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This is it. The long-awaited day that sees the 32nd Legislature of the Virgin Islands dealing with a matter that the Third Circuit Court of Appeals has opined is squarely in the Senate’s jurisdiction to determine: whether Kevin Rodriquez, who was elected a senator during the November 2016 general election, but subsequently barred from taking the oath of office following revelations about residency issues brought to the fore in court by suits from Janelle Sarauw and Brigitte Berry, will be sworn in as a member of the body, or scattered.
Today is just as important for Ms. Sarauw, who won the special election held in April.
On January 25, 2016, Mr. Rodriquez filed a bankruptcy petition in the United States Bankruptcy Court for the Middle District of Tennessee. In his bankruptcy petition, Mr. Rodriquez swore under penalty of perjury that he lived in Tennessee and had not lived in another state anytime during the preceding three years. On November 8, 2016, the Virgin Islands held an election to choose senators to serve in the 32nd Legislature of the Virgin Islands. The District of St. Thomas-St. John was allotted seven seats to be filled by the top seven vote-getters.
After the election, Mr. Rodriquez placed sixth while Sarauw placed eighth. The Board of Elections certified the election results on November 22, 2016. On December 9, 2016, Ms. Sarauw and Ms. Berry, the latter a volunteer for Sarauw’s campaign, filed a complaint in the Superior Court of the Virgin Islands. The complaint named as defendants Mr. Rodriquez; the Virgin Islands Joint Board of Elections; the Board of Elections St. Thomas & St. John; and Caroline F. Fawkes, the supervisor of elections. Ms. Sarauw and Ms. Berry continue to allege that Mr. Rodriquez is not qualified to serve in the Virgin Islands Legislature because he has not been “a bona fide resident of the Virgin Islands for at least three years next preceding the date of his election.”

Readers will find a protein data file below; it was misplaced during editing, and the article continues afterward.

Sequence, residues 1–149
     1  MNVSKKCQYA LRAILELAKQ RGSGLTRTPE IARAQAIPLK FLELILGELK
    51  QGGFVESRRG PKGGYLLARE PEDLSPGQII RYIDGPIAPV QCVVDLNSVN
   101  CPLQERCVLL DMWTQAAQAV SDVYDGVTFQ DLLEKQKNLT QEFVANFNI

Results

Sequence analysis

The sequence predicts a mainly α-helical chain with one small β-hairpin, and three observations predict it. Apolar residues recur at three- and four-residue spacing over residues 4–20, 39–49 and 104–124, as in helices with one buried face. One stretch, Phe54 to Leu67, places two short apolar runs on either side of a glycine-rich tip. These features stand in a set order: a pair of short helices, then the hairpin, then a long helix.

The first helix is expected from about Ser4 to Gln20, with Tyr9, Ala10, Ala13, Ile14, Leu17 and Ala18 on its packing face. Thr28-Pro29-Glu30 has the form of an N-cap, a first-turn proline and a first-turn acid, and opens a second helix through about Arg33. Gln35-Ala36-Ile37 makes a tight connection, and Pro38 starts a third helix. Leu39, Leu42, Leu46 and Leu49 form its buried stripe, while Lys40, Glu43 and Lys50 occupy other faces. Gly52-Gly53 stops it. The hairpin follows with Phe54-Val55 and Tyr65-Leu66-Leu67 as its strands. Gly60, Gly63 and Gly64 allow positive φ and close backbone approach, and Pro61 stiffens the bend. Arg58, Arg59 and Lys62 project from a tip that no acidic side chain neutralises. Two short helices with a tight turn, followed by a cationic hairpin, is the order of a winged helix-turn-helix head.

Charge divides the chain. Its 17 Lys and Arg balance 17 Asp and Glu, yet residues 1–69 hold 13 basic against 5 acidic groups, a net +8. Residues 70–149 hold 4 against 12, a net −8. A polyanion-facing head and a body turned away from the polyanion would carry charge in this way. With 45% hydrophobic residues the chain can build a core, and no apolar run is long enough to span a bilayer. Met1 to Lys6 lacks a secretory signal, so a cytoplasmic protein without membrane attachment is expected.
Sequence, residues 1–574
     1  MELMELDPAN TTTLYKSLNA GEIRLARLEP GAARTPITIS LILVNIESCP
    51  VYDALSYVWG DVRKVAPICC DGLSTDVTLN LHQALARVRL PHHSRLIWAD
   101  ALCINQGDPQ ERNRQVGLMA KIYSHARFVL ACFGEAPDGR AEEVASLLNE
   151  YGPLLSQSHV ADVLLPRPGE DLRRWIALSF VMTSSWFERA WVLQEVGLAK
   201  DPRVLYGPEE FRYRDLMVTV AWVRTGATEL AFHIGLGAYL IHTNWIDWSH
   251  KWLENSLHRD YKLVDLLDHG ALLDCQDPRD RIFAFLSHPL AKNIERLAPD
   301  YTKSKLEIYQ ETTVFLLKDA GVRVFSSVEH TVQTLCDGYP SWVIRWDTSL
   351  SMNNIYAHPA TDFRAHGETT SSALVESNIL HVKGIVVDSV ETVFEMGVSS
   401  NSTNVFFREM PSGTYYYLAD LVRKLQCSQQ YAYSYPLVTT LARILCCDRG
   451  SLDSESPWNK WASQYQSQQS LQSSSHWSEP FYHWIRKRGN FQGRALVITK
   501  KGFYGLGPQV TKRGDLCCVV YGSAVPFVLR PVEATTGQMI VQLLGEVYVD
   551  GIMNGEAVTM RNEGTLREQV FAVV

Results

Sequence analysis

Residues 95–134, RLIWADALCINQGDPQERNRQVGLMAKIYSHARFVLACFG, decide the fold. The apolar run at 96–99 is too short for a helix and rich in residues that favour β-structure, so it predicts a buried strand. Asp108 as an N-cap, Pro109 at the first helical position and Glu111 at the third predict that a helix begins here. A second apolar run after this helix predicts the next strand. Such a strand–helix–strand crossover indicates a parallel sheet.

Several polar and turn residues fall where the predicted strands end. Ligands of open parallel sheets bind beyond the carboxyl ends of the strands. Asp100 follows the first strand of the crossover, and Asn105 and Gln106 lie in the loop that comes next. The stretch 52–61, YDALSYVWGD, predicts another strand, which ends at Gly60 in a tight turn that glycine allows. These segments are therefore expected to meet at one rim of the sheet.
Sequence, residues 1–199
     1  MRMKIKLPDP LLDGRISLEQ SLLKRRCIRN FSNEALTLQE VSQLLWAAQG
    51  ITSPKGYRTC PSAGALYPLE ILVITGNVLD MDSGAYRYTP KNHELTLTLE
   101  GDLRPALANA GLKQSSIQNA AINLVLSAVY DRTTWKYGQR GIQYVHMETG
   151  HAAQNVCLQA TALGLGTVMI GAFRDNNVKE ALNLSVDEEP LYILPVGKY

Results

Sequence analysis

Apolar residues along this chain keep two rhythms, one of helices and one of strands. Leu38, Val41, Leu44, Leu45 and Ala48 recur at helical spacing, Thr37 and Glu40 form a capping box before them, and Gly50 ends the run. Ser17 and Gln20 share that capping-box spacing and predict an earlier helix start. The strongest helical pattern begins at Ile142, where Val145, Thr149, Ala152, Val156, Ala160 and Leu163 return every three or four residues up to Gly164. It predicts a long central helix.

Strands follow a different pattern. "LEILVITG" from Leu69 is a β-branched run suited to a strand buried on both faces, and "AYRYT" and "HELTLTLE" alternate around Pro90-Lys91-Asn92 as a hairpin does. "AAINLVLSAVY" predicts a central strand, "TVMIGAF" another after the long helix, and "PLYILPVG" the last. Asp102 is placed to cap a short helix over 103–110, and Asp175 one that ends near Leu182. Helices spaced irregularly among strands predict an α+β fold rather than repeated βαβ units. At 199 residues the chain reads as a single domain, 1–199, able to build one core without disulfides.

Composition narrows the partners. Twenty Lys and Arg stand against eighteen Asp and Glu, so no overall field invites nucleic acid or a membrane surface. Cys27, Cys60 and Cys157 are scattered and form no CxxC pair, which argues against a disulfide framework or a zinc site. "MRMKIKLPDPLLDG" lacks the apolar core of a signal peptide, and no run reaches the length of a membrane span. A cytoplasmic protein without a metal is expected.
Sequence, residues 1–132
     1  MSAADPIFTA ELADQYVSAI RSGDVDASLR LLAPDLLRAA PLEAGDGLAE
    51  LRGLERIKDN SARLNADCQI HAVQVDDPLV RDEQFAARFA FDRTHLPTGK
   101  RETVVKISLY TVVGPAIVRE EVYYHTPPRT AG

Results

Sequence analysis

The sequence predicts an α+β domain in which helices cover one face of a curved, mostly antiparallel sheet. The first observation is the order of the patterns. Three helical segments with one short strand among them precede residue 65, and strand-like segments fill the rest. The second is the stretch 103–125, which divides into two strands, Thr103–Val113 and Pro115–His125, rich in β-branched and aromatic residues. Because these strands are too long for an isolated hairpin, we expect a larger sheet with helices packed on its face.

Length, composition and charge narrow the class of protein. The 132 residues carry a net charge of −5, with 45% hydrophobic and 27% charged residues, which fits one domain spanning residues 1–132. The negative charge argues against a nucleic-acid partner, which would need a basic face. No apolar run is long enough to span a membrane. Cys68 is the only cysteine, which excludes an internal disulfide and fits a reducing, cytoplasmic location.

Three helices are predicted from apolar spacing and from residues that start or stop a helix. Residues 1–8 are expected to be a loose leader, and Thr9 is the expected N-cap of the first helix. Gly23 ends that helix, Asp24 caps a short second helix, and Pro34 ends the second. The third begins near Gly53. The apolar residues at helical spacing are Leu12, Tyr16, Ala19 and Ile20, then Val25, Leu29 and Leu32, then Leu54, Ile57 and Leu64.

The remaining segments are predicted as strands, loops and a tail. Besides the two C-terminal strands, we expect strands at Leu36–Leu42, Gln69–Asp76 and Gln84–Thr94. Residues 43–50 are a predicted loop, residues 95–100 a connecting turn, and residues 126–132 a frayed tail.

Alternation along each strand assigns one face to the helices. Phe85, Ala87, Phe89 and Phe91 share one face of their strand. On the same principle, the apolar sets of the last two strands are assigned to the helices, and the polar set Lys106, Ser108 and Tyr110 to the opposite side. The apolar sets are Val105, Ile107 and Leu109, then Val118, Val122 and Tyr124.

Multiple rulings followed, one of the most consequential being the Virgin Islands Supreme Court decision that barred Mr. Rodriquez from being seated one day before inauguration. Mr. Rodriquez would later file with the District Court of the Virgin Islands, naming the Virgin Islands Legislature and its current president, Myron Jackson, as defendants. Mr. Rodriquez’s preferred outcome would have seen the District Court forcing the Legislature to seat him. A subsequent suit was filed by Ms. Sarauw and Ms. Berry in the District Court against Mrs. Fawkes, the Joint Board of Elections, and the St. Thomas-St. John District Board of Elections.
But the District Court’s ruling on February 7 left the matter in Governor Kenneth Mapp’s corner, and Mr. Mapp called the April 8 special election, as demanded by the territory’s laws. Ms. Sarauw won, but the St. Thomas St. John-District Board of Elections refused to certify the results, it too suggesting that the 32nd Legislature should deal with the matter.
Meanwhile, Mr. Rodriquez was still battling for his seat, taking the case all the way to the Third Circuit Court of Appeals, which made its opinion abundantly clear: “Thus, under the plain language of § 6(g) [of the Revised Organic Act], once the 32nd Legislature convened, it alone had the authority to determine whether Rodriquez possessed the qualifications to be a member and was thereby entitled to take the oath and be seated,” reads the appellate court’s ruling in part.
Today’s session is the culmination of a battle months in the making, and may well serve as a guide for future difficult decisions relative to seeking elected office, the role of the Senate, and the role of the judiciary in such matters.
The momentous session is slated to begin at 10:00 a.m.
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